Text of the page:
Rod and his colleagues have a tendency to use language I don't understand. So I can only reply with my own memories of wanting to be a medic. We were all socialists in those days - 1950s, 1960s. Going to change the world, tax the rich, abolish public school and so on, the whole nine yards as they say in America. I think we had a strong sense of injustice - life chances were dictated by family wealth.
Our family had nowt. Mum was a shop assistant and dad a bookkeeper. Dad despised the trappings of the financial elite - cars, golf clubs, big houses and the like. Two things followed. Despite issues with wealth, he had aspirations and was canny with money. Second he instilled this in older brother and myself. You had to get on. Passing the eleven plus and the 1944 Education Act gave us a lift up. There was a lot of conflict within the family, because I kept getting distracted from 'getting on' until I entered the sixth form at a boys' grammar school and became intellectually committed to biology, physics and chemistry. Teaching and medicine were the two outlets. Other than visiting my gp I had no experience of medicine, but I was aware doctors were better than the likes of us. Remote and mysterious like Denis Compton or the Royal Family. That was for me. So I chose 'seeking fame and fortune' - a mix of intent and imagination. I knew I had to have a plan of qualifications and I also had plenty of ideas of what kind of position I was going to occupy in society. But not much of a vocation beyond a misty unclear notion of saving lives which was a vague fit with socialism.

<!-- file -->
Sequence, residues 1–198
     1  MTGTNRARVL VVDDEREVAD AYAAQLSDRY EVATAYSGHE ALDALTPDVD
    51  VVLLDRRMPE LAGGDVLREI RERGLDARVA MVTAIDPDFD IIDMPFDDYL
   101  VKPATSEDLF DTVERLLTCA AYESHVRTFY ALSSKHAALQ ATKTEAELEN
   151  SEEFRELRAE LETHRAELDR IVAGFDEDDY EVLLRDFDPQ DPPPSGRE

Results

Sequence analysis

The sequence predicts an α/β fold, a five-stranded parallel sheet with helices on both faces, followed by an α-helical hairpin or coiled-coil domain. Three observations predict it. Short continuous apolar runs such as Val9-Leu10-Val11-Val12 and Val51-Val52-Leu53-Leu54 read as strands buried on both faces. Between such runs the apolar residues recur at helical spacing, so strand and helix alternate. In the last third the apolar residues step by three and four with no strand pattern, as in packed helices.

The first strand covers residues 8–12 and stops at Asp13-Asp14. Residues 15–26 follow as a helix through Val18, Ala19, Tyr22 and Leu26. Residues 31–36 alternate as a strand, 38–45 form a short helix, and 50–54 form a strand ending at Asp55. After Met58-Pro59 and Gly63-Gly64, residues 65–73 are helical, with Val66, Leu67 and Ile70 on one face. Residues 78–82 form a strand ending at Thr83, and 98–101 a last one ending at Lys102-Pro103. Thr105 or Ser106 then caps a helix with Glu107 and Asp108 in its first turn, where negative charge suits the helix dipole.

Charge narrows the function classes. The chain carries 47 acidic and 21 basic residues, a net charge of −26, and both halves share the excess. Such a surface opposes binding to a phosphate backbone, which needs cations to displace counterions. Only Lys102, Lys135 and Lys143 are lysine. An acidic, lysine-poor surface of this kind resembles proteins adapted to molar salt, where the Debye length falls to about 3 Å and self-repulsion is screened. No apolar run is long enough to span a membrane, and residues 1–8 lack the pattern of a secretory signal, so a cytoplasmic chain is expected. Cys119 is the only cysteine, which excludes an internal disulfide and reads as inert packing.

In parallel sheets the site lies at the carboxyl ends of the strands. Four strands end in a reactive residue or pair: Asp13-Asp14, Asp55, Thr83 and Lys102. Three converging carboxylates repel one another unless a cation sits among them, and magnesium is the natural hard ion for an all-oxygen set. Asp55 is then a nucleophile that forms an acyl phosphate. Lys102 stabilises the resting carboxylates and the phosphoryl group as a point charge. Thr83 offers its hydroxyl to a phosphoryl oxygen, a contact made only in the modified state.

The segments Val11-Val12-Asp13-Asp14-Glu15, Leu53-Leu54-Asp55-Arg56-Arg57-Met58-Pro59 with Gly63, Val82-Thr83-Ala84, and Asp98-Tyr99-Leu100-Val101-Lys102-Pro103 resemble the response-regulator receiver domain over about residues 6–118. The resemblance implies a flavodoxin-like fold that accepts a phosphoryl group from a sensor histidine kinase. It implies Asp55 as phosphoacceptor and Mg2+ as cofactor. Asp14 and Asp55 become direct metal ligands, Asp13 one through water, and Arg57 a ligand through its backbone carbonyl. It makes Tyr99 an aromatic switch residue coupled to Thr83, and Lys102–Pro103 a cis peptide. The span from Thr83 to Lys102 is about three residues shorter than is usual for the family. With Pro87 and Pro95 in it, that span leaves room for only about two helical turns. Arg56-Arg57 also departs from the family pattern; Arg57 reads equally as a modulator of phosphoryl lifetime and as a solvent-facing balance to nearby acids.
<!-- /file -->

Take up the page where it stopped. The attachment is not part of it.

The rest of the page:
I am not sure where Rod got his obligations from, but he is honest and straight, so maybe a bright religious family. I'm pretty sure where mine came from - sitting on my dad's knee. I did get a small sense of vocation eventually, something my pal Eric insists I have, but the majority of my commitment was pretty selfish. Each patient's problem became a puzzle to solve. I enjoyed that and maybe I was helpful as well.
Rod describes two of his jobs and the joy he experienced in both. I had four as a junior, two as a consultant and four when I returned to work after illness when it had become a job and definitely not a joy. Selfish again - we had to finance my son's pilot training - thanks to W Yorkshire Fire and Rescue where I finished my medical life in 2011 as Brigade MO. Bags of admiration for the guys on the front line.
My son as buzz lightyear. He likes the good things in life.